That leads me back to the positive psychology that has a place for what is good and healthy about personality. In an article published under the auspices of the National Institute of Health in the United States, Barbara Fredrickson described the way positive emotions contribute to healthy personality. The “broaden-and-build” theory in positive psychology states that experiences of positive emotions broaden people's momentary thought-action repertoires, which in turn serves to build their enduring personal resources, ranging from physical and intellectual resources to social and psychological resources. Preliminary empirical evidence supporting the broaden-and-build theory suggests that the capacity to experience positive emotions may be a fundamental human strength central to the study of human flourishing.

In other words, if you accept a person as they are and affirm them AS a person — if you appreciate them to their face — it helps build their personality in positive directions. It helps to make them a better person. Seems like common sense, doesn’t it? How come we don’t do that more often? How come we criticise our children for not getting the A when they came home with the B+? How come we go to what is wrong instead of what is right?

I am a psychologist. I am trained to look for what is wrong and treat it as a wound that perhaps I might have some part in healing. I know. It is completely the medical model. But what if I roll out of that model a bit?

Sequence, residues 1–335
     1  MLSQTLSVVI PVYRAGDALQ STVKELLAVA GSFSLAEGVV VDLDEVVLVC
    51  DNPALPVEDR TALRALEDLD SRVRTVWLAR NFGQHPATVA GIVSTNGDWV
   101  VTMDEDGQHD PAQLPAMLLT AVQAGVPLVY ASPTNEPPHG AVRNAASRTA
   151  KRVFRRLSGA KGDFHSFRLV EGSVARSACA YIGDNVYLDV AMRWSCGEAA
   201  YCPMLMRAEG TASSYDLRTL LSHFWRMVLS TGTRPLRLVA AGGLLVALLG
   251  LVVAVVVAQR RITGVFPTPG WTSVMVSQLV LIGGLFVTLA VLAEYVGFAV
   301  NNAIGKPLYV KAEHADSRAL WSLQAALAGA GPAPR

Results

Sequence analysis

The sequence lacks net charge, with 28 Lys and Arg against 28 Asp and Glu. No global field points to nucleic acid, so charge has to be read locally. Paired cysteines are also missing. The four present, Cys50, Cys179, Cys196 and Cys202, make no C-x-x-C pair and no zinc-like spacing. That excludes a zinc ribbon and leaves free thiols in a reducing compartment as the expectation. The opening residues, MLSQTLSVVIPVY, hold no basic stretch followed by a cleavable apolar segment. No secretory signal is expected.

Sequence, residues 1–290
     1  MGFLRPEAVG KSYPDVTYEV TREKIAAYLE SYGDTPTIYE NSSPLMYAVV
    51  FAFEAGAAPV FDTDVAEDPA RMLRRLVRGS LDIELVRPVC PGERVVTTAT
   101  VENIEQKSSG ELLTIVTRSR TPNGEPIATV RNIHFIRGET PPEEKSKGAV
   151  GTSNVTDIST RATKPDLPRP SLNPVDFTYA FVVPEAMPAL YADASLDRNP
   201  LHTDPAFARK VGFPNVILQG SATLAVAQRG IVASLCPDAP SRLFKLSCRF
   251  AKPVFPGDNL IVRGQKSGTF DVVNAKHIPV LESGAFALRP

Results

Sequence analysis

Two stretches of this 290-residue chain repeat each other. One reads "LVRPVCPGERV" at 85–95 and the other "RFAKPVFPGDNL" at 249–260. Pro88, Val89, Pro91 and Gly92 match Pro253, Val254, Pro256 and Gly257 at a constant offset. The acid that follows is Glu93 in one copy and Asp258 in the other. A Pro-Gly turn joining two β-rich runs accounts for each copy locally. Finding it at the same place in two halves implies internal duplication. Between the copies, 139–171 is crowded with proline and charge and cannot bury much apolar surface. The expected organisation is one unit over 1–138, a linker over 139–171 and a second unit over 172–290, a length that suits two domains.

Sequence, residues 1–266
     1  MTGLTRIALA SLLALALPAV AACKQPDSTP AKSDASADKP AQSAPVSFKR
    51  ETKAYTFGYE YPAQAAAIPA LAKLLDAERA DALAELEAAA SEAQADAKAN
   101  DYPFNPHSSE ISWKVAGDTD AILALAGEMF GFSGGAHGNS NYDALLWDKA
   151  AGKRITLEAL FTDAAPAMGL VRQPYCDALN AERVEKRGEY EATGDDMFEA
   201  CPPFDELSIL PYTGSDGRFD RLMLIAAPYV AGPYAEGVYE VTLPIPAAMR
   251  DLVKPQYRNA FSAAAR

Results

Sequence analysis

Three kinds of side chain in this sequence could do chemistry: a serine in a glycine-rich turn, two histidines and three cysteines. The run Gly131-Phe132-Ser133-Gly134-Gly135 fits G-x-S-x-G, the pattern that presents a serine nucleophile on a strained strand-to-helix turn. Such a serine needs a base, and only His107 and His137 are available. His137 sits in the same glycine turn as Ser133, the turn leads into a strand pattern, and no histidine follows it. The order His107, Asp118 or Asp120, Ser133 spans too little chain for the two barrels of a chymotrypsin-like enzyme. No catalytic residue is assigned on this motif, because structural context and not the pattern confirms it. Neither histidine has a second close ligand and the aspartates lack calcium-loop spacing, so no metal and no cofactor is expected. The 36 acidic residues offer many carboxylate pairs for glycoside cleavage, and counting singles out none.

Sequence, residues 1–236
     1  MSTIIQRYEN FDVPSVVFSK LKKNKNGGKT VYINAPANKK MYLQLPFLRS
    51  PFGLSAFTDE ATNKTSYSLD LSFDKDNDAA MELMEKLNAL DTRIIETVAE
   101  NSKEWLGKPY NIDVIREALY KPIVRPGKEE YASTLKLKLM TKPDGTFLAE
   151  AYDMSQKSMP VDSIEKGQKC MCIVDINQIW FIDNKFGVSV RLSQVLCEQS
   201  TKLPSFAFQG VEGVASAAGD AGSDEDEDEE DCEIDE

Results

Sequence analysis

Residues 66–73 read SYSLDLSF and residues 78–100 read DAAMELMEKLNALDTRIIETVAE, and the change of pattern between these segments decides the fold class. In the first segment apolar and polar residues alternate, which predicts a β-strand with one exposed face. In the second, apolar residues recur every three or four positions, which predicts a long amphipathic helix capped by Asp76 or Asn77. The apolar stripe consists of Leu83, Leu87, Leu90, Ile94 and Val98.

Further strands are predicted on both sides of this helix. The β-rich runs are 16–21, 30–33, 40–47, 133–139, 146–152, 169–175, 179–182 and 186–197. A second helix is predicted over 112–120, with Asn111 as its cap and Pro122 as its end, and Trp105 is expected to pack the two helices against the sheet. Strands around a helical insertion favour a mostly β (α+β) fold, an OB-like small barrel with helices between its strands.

I would like for a moment to consider what I believe to be a good man. In Paul’s first letter to his protégé, Timothy, he told the younger man, “This command I entrust to you, Timothy, my son, in accordance with the prophecies previously made concerning you, that by them you fight the good fight, keeping faith and a good conscience, which some have rejected and suffered shipwreck in regard to their faith.”

Nicholas Dill will be the new Bishop of Bermuda for the Anglican Church. As a privileged member of society from an influential family, and as a man “with a future” (as the saying goes), something happened. It is the “something” that always happens in situations like this when a person turns toward God and away from a former way of life. He could have gone off like an ascetic and lived in a monastery, but he chose to serve God by serving Christ’s church. While I do not know the details of Nick Dill’s life, I know what happens when a person becomes a Timothy. As I stand on the sidelines and watch from a distance, it seems to me that Rev Dill has kept faith and a good conscience.

He’s a good man. You can see it in his face. Emmanuel Levinas, phenomenological philosopher, held that the face of another, the “Other,” (as he lifted up that other person in his thoughts), was the door to the being of that other person, and it obligated one to another. Look into the face of Nick Dill. There is warmth, sincerity, authenticity, strength of conviction, faith, and love for God. There is a knowledge of God that makes knowing Nick Dill a door to knowing Christ.

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Published May 28, 2013 at 9:00 am (Updated May 27, 2013 at 2:48 pm)

Accepting people just because they exist